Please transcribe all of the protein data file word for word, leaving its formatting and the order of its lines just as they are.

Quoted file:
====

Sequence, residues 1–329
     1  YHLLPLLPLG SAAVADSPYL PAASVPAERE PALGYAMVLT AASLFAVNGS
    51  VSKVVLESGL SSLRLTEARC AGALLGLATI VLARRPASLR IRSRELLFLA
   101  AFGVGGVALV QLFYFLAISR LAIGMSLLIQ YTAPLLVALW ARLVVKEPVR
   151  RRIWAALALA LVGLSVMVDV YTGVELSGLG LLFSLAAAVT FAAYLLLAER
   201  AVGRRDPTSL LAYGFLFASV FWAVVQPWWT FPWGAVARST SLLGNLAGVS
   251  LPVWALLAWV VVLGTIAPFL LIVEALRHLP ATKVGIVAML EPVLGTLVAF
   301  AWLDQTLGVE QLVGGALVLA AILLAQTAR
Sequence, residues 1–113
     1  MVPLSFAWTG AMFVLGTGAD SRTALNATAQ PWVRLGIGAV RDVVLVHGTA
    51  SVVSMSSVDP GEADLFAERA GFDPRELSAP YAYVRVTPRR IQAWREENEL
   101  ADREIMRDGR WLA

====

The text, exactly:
Sequence, residues 1–329
     1  YHLLPLLPLG SAAVADSPYL PAASVPAERE PALGYAMVLT AASLFAVNGS
    51  VSKVVLESGL SSLRLTEARC AGALLGLATI VLARRPASLR IRSRELLFLA
   101  AFGVGGVALV QLFYFLAISR LAIGMSLLIQ YTAPLLVALW ARLVVKEPVR
   151  RRIWAALALA LVGLSVMVDV YTGVELSGLG LLFSLAAAVT FAAYLLLAER
   201  AVGRRDPTSL LAYGFLFASV FWAVVQPWWT FPWGAVARST SLLGNLAGVS
   251  LPVWALLAWV VVLGTIAPFL LIVEALRHLP ATKVGIVAML EPVLGTLVAF
   301  AWLDQTLGVE QLVGGALVLA AILLAQTAR
Sequence, residues 1–113
     1  MVPLSFAWTG AMFVLGTGAD SRTALNATAQ PWVRLGIGAV RDVVLVHGTA
    51  SVVSMSSVDP GEADLFAERA GFDPRELSAP YAYVRVTPRR IQAWREENEL
   101  ADREIMRDGR WLA